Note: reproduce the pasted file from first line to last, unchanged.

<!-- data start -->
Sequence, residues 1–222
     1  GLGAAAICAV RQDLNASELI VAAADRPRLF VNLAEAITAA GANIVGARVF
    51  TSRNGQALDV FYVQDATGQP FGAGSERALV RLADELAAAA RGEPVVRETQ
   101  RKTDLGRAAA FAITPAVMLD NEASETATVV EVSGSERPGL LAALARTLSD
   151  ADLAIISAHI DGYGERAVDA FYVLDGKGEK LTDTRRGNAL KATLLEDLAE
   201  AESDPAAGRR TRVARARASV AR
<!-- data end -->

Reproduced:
Sequence, residues 1–222
     1  GLGAAAICAV RQDLNASELI VAAADRPRLF VNLAEAITAA GANIVGARVF
    51  TSRNGQALDV FYVQDATGQP FGAGSERALV RLADELAAAA RGEPVVRETQ
   101  RKTDLGRAAA FAITPAVMLD NEASETATVV EVSGSERPGL LAALARTLSD
   151  ADLAIISAHI DGYGERAVDA FYVLDGKGEK LTDTRRGNAL KATLLEDLAE
   201  AESDPAAGRR TRVARARASV AR